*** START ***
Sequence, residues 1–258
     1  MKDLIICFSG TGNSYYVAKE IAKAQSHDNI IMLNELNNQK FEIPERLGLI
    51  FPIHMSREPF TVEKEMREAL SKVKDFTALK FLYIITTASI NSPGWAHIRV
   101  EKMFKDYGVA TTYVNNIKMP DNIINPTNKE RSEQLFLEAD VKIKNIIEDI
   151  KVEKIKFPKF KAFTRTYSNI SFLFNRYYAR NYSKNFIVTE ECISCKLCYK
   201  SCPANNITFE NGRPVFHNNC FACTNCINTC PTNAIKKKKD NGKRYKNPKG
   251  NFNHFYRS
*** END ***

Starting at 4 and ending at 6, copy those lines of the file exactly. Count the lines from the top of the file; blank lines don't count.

   101  EKMFKDYGVA TTYVNNIKMP DNIINPTNKE RSEQLFLEAD VKIKNIIEDI
   151  KVEKIKFPKF KAFTRTYSNI SFLFNRYYAR NYSKNFIVTE ECISCKLCYK
   201  SCPANNITFE NGRPVFHNNC FACTNCINTC PTNAIKKKKD NGKRYKNPKG